Please forgive the vagueness of the question title.
I am currently working/designing an opaque storage of immutable files. The purpose of the service is simple: storing files and being able to retrieve them by their identifier.
As the service is explicitly designed at storing immutable data, I had the idea of making the files identifier dependent on the contents of the files themselves.
The formula is as follow:
file_id = file-size + SHA-256(file-content)
With that design, it is guaranteed that each file will have a deterministic and unique id.
I thought about how to protect the data with typical access control (typical HTTP Authorization strategies come to mind) but the more I think of it, the more it feels unnecessary.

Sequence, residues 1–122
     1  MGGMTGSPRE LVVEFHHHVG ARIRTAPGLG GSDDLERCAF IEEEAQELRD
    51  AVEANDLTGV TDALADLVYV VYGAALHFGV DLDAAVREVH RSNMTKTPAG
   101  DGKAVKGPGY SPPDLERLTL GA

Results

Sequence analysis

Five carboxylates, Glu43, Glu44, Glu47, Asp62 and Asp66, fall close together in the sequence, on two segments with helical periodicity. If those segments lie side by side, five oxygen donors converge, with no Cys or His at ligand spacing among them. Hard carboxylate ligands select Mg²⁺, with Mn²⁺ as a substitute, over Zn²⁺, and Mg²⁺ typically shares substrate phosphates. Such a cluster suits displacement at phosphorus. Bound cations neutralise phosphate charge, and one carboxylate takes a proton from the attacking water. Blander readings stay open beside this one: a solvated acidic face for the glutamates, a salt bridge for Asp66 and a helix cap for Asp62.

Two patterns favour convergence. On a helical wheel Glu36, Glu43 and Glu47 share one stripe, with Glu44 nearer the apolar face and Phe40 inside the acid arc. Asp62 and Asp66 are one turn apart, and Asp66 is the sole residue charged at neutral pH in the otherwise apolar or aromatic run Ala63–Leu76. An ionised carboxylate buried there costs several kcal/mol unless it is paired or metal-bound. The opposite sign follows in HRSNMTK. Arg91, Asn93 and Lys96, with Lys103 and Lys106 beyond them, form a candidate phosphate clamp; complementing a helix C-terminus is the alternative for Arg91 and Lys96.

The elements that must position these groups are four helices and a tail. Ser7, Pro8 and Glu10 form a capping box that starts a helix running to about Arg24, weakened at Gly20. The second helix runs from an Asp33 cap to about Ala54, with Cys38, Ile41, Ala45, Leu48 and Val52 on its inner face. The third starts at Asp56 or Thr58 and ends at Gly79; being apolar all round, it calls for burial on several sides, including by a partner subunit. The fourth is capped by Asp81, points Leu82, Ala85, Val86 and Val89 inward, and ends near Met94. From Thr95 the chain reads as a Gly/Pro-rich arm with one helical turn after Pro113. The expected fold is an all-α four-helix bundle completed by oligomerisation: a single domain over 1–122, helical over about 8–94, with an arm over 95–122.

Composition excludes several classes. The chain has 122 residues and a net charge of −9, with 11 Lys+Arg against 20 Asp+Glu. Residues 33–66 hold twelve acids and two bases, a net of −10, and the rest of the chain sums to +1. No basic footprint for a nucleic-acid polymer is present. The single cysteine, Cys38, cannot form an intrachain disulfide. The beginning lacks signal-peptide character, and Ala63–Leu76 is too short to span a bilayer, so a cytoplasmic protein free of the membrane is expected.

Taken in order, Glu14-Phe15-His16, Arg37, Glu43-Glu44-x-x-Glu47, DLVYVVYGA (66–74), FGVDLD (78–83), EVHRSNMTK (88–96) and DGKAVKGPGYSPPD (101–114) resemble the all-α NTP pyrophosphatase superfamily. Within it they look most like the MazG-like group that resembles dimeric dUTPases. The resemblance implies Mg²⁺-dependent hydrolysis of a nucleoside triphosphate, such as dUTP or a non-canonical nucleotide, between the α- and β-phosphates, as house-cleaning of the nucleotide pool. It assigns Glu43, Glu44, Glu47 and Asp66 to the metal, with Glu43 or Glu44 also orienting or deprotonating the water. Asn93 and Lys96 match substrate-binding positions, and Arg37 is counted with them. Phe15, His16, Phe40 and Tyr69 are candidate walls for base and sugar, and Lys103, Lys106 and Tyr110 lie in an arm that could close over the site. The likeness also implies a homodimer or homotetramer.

My rationale is as follow: the valid identifier space is extremely large. So large that the only way an attacker could fetch a specific file is either:
- Knowing the exact file content beforehand (allowing to compute the identifier).
- Gaining access to an existing identifier in some other system.
- is... well. Idiotic: if you have the content of the file already, you don't need to access my storage service to fetch it.
- Is a security design problem for the other systems: regardless of whether they store the real data or a reference to it, they need to be secure by themselves anyway.
Should I still bother with an additional layer of security on top of my API or is that design secure enough in on itself?